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What music from today will stand the test of time?

Discussion in 'Anything goes' started by Boobie Miles, Feb 11, 2007.

  1. Piotr Rasputin

    Piotr Rasputin New Member

    A harsh assessment, to be sure. But in a music culture where it is important to look good, have a good voice, be able to shake your moneymaker, have no need to write your own songs, and have members of the opposite sex go crazy for you . . .I can see exactly what you're saying.
  2. spnited

    spnited Active Member

    Elvis absolutely was as much about marketing as music and his popularity probably would have been the same regardless of anything.

    But there is little doubt Holly, had he lived, would have had a greater overall impact on the future of rock music
  3. Double J

    Double J Active Member

    Who knows? Maybe Buddy would've gotten drafted and came out of the Army completely changed like Elvis did.

    Not true. Yes, Elvis had a lot of style, but he had the credentials to back it all up. He may not have been able to write a song from scratch but he had no peer when it came to interpreting a song or synthesizing various musical styles into something raw and new.
  4. Oz

    Oz Well-Known Member

    J-Timberlake's going to have the benefit of molding his image via produces with each CD to keep the sound fresh. His songs just sound smooth, and I can see them holding up in a pop/R&B sense.

    As for new bands, I'm drawing blanks without being able to resort to U2, RHCP, Pearl Jam, Green Day, etc.
  5. pallister

    pallister Guest

    I would agree AIC is the best rock group to emerge in my adult life (I'm 35). They often get mentioned as the other grunge pioneer, with Nirvana and Pearl Jam listed 1-2. And while I like both of those, AIC's music, at least for me, gets better with age. For my tastes, a perfect blend of music and lyrics.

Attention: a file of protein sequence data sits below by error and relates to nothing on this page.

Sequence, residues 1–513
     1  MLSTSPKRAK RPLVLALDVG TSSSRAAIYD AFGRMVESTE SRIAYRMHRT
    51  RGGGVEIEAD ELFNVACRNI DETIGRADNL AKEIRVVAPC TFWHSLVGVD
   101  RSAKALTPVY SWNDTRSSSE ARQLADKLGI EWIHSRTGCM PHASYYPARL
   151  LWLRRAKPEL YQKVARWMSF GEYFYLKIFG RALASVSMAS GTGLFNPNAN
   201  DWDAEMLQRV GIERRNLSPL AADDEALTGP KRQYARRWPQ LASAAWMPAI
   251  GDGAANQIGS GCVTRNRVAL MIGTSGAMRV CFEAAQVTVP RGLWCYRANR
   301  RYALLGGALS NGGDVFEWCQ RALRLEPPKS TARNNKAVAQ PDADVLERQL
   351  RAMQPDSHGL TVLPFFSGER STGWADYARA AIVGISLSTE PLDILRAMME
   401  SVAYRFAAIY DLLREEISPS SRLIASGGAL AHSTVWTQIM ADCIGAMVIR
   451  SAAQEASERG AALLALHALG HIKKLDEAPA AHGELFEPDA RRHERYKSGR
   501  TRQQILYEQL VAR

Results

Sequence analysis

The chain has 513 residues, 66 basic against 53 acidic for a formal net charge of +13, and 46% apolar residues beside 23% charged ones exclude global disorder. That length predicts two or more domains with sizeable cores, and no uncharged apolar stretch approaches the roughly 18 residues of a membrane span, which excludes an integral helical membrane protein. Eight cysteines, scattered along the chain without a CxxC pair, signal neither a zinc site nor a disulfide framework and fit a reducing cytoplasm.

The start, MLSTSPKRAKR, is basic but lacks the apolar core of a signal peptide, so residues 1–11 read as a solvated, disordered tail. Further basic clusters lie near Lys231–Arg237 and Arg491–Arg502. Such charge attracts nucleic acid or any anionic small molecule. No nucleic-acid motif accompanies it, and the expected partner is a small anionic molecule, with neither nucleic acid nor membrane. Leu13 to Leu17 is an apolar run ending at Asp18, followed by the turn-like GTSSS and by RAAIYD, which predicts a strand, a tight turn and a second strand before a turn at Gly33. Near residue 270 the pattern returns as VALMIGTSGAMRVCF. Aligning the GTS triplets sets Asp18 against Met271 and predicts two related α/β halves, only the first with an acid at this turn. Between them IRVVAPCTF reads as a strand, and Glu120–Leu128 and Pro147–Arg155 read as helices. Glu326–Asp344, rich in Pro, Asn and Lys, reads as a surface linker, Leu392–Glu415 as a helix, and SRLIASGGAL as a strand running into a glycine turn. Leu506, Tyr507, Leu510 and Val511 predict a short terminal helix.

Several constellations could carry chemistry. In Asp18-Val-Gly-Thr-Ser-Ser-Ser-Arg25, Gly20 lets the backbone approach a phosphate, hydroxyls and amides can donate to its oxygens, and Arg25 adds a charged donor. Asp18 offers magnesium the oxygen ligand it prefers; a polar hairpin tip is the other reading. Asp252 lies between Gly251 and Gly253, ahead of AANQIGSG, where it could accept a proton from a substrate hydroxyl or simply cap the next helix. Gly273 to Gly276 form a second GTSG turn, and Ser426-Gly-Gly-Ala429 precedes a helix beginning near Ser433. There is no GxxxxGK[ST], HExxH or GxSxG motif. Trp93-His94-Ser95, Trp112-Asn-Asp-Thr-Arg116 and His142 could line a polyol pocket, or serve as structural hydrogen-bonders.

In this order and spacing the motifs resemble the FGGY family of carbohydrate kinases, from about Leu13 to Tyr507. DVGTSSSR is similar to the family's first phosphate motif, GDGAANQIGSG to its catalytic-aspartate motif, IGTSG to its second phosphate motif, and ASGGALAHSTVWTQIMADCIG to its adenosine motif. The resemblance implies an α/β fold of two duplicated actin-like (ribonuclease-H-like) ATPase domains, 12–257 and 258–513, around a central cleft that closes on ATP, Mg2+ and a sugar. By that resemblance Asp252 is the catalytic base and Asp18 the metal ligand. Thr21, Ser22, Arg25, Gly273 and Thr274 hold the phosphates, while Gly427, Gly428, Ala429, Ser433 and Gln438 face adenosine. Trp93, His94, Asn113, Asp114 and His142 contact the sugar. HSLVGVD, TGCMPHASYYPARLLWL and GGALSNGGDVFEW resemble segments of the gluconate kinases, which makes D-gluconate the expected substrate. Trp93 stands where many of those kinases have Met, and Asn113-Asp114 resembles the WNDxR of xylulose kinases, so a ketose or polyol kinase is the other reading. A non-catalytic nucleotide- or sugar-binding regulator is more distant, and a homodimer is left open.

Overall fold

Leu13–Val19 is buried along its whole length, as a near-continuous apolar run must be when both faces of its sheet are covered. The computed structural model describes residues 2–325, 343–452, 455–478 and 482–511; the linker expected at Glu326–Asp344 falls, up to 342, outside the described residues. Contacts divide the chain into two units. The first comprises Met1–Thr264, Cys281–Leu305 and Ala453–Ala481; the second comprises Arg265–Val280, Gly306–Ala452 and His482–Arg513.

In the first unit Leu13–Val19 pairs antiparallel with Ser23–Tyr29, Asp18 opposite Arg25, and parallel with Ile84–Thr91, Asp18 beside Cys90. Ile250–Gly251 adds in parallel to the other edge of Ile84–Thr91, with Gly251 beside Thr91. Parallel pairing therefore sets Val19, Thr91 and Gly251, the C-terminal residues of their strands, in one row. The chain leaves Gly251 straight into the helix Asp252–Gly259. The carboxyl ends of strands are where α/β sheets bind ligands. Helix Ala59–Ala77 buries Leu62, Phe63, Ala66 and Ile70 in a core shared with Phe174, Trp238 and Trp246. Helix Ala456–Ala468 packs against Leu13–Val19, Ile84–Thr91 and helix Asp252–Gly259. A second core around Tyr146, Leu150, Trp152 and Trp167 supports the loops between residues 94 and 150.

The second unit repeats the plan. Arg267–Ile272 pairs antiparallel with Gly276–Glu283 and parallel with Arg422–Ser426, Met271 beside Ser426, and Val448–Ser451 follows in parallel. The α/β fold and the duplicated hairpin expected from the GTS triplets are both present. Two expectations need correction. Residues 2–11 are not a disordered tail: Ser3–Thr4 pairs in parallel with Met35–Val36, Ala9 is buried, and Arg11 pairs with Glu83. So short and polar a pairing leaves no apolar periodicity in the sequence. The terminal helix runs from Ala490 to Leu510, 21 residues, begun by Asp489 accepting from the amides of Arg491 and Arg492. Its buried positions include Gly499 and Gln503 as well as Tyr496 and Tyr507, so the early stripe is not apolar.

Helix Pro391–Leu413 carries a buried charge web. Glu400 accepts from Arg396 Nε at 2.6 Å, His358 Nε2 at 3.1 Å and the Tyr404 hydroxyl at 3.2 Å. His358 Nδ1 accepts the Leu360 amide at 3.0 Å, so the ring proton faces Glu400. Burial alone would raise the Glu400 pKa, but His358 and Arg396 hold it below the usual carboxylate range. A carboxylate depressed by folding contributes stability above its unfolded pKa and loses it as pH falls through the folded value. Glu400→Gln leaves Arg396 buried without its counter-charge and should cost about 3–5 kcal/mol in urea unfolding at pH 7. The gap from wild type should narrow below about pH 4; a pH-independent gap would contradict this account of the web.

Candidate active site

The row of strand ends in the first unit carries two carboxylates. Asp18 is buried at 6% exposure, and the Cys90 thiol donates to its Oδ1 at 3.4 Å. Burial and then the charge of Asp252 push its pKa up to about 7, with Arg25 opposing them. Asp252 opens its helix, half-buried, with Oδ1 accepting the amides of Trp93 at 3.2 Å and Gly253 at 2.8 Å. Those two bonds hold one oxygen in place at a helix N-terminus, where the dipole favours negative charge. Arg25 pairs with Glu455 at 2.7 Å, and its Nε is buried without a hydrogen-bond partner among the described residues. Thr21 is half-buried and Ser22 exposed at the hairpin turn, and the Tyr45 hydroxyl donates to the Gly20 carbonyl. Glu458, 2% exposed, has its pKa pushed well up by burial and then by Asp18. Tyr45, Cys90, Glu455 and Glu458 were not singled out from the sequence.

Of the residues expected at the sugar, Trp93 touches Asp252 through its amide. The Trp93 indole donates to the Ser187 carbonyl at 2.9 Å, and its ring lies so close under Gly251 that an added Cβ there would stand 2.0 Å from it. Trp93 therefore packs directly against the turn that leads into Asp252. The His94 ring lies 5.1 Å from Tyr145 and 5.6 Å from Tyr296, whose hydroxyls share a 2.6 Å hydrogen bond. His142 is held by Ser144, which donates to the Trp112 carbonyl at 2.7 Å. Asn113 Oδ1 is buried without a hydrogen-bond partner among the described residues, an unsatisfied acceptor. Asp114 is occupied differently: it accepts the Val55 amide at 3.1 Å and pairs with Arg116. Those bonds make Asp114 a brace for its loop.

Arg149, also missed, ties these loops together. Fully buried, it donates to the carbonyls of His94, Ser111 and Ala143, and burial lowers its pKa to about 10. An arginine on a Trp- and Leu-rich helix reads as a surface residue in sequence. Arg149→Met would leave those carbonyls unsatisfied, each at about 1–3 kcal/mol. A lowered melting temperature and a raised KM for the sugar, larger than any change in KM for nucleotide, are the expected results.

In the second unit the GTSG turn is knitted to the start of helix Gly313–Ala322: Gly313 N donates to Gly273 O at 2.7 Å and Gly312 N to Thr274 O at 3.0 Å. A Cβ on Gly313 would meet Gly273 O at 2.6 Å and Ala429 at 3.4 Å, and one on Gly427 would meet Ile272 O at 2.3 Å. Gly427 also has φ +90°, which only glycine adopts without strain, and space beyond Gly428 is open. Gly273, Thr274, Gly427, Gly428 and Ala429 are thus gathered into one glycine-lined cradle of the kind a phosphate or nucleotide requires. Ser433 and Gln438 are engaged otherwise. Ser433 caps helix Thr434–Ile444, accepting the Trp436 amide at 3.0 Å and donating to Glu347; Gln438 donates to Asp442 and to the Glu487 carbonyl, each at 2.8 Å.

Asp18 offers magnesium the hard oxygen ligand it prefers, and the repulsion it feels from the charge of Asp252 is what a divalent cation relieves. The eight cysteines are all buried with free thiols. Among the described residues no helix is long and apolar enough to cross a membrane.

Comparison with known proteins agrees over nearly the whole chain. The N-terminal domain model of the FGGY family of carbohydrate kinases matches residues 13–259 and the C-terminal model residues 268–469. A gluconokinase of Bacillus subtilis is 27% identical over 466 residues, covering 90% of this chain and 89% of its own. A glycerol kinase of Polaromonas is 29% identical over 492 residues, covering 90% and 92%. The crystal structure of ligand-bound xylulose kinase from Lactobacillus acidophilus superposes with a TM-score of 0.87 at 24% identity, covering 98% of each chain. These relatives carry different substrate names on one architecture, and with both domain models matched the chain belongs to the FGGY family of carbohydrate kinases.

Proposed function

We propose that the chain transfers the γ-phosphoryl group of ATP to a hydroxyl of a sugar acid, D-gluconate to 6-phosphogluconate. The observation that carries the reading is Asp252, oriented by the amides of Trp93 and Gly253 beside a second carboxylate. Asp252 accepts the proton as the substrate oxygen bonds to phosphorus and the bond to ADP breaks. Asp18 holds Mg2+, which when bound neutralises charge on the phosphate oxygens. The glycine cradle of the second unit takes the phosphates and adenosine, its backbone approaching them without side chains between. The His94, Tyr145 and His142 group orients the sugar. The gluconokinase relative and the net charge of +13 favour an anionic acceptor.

6. dooley_womack1

    dooley_womack1 Well-Known Member

    I don't think Apple Records comes out on the credit side of the Beatles' ledger, unless Badfinger or Mary Hopkin really deserve that much props. What is on the plus side:
    --Revolutionized music video as a promotional tool and as an artistic statement.
    --Pretty much initiated the cultural obsession with pop culture.
    --With George Martin's help, pretty much established many studio tricks (instrumentally, that is; no one can touch what Phil Spector and Brian Wilson did with vocals).

    And I'm sure they were others. BTW, people wonder what Buddy Holly would have done had he lived. Perhaps Eddie Cochran would be more a bit worthy of that pondering.
  7. dooley_womack1

    dooley_womack1 Well-Known Member

    Queen was just pure overdubbing, and Yes and Def Leppard aren't anything special vocally. None of those approach the subtlety and nuance of Spector or Wilson.
  8. buckweaver

    buckweaver Active Member

    I will be listening to Live in 20 years. That is all. :)
  9. Shaggy

    Shaggy Guest

    I can't believe nobody has mentioned OutKast yet.

    They're so fresh and unique and popular that they will surely withstand the test of time. "Hey Ya" will be played in clubs 20 years from now. Bank on it.

    I'd also nominate Eminem, and I'll think of more after I get all this beer out of my system...
  10. Double J

    Double J Active Member

    What George and his team of engineers did for John Lennon's vocals on songs like "Tomorrow Never Knows" and "Strawberry Fields Forever" was simply unheard of.
  11. dooley_womack1

    dooley_womack1 Well-Known Member

    Leave It was what I figured you were getting at. Again, massive overdubbing. As for Def, I would best describe Joe Elliott's vocals as earnest and raw. Queen had better pure vocals than that, but again, theirs were merely overdubbed to create depth, not subtley: THE key difference between your examples and Spector and Wilson (and yes, I realize the girl groups and the Beach Boys weren't exactly more than popsters for the most part)
  12. Holy god.
    Nothing Yes ever did touches "Caroline, No," let alone any of the major Beach Boys stuff.
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